Sometimes poll data is, in historical terms, unreliable. That is to say, the polls are intentionally designed to lie.
As Mark Twain and Benjamin Disraeli noted, there are lies, damned lies, and statistics. You frequently see distortions of this sort in educational surveys that are designed to show the DECLENSION! DECLENSION! of today's youth.
Now, I'm all for bashing you all. Stinky juniors. But dude. You ought not to just make stuff up.
Nate Silver over at Fivethirty eights has caught the Startegic Vision pollsters red handed. Not only did they lie, they lied stupidly. In class, I had (or will have) you answer ten questions from the citizenship test. Here's how Startegic Vision said 1000 high school students did:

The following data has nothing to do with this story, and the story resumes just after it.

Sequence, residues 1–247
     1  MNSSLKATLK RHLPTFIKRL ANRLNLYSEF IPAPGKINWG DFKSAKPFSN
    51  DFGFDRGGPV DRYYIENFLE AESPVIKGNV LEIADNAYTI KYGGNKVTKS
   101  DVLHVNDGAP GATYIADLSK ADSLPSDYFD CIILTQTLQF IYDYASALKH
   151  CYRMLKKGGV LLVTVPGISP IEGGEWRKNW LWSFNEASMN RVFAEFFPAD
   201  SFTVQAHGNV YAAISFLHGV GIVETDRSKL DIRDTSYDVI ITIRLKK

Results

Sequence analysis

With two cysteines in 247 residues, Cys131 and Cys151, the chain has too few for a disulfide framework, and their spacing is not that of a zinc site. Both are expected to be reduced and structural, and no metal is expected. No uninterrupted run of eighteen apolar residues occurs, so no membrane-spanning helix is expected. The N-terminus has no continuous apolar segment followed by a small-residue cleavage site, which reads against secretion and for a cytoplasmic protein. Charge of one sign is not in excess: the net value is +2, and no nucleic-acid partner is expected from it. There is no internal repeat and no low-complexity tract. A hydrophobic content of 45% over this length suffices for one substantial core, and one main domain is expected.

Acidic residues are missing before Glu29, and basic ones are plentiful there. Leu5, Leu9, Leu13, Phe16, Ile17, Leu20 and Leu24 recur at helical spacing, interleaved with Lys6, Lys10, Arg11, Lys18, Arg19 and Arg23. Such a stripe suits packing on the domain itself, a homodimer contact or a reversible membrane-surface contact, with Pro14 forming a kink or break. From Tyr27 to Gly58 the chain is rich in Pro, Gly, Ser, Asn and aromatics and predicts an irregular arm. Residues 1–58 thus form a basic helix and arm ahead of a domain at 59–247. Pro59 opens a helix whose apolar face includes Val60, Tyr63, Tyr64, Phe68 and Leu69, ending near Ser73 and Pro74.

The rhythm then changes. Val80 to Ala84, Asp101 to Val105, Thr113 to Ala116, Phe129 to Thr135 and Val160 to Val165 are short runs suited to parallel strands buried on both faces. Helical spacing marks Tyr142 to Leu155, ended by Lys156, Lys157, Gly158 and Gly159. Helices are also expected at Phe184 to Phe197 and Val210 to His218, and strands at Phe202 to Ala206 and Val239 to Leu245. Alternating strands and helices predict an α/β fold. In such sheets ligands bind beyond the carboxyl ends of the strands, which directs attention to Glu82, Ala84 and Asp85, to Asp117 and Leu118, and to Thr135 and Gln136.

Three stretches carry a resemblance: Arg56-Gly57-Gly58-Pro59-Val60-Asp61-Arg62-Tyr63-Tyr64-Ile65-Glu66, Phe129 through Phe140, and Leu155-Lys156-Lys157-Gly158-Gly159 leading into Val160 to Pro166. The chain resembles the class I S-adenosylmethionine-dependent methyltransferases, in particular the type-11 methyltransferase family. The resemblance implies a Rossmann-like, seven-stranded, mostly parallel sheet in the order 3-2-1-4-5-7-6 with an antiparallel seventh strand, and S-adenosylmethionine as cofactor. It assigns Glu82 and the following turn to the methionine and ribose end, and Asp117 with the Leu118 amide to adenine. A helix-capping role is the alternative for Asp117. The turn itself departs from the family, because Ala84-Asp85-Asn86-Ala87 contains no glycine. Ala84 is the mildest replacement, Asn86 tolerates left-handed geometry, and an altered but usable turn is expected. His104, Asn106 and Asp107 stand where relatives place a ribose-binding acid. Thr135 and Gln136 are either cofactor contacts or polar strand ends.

(click to embiggen)
Really, not a single student got more than 7 right? There have to be at least a few Tueting-style nerds somewhere in the sample set (if you got nine or ten right, you are, sad to say, a Tueting-style nerd. Deal with it).
Check out these charts from the poll "results." Knowing high school students, do you think that, even if a student was unaware of the answer to the question "what are the two major political parties in the United States," that every single wrong answer would be "Republicans and Communists?" or that instead of saying "don't know," at least some would have said at least one of the two parties? Or, for the terms of Senators, every single respondent who was wrong would choose a random number and they were all divisible by two? The poll itself was laughably fake.
Even so, the poll results were published nationally and mentioned in your local DNR. Liberals used the data to laugh at the red states and conservatives used the data to show how bad the public schools are - agendas trumped reasoned analysis of the data.
Historians often have to use statistical analysis when traditional written primary sources are lacking or unreliable. Go read Nate Silver's analytical smack down. (Here is the original Strategic Vision poll).